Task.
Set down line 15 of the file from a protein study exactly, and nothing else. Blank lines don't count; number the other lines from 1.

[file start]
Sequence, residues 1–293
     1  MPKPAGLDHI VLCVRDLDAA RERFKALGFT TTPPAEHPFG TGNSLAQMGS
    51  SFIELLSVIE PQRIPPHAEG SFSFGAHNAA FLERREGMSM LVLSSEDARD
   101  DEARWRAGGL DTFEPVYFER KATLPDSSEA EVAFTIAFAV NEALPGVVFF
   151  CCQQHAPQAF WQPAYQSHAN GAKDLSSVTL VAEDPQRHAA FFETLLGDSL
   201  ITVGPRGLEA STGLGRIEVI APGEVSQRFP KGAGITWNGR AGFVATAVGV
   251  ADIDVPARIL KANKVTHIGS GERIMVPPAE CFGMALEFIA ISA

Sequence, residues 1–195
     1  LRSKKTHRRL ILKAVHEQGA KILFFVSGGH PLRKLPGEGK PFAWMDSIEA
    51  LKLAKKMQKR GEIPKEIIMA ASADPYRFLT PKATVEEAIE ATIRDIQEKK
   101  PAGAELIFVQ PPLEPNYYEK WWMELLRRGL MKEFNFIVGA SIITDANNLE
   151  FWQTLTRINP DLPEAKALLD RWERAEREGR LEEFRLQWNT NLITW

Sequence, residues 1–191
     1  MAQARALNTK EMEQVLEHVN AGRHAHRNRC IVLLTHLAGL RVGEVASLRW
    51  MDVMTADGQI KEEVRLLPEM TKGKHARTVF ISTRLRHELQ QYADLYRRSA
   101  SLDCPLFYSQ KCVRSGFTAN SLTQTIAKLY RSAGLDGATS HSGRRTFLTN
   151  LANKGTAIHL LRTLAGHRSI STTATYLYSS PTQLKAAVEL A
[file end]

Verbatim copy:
    51  MDVMTADGQI KEEVRLLPEM TKGKHARTVF ISTRLRHELQ QYADLYRRSA